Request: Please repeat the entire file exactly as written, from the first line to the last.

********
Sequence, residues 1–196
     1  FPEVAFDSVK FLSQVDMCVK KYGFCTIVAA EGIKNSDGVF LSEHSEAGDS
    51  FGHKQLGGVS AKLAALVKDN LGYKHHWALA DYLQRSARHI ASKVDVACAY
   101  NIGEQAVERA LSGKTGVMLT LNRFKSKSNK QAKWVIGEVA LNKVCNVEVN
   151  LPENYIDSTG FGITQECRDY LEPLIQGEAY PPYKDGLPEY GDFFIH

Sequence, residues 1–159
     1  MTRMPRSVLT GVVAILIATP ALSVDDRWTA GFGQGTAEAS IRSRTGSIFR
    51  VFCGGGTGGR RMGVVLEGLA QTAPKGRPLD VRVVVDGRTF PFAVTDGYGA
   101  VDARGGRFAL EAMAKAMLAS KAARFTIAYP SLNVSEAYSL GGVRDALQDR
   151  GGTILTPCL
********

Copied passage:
Sequence, residues 1–196
     1  FPEVAFDSVK FLSQVDMCVK KYGFCTIVAA EGIKNSDGVF LSEHSEAGDS
    51  FGHKQLGGVS AKLAALVKDN LGYKHHWALA DYLQRSARHI ASKVDVACAY
   101  NIGEQAVERA LSGKTGVMLT LNRFKSKSNK QAKWVIGEVA LNKVCNVEVN
   151  LPENYIDSTG FGITQECRDY LEPLIQGEAY PPYKDGLPEY GDFFIH

Sequence, residues 1–159
     1  MTRMPRSVLT GVVAILIATP ALSVDDRWTA GFGQGTAEAS IRSRTGSIFR
    51  VFCGGGTGGR RMGVVLEGLA QTAPKGRPLD VRVVVDGRTF PFAVTDGYGA
   101  VDARGGRFAL EAMAKAMLAS KAARFTIAYP SLNVSEAYSL GGVRDALQDR
   151  GGTILTPCL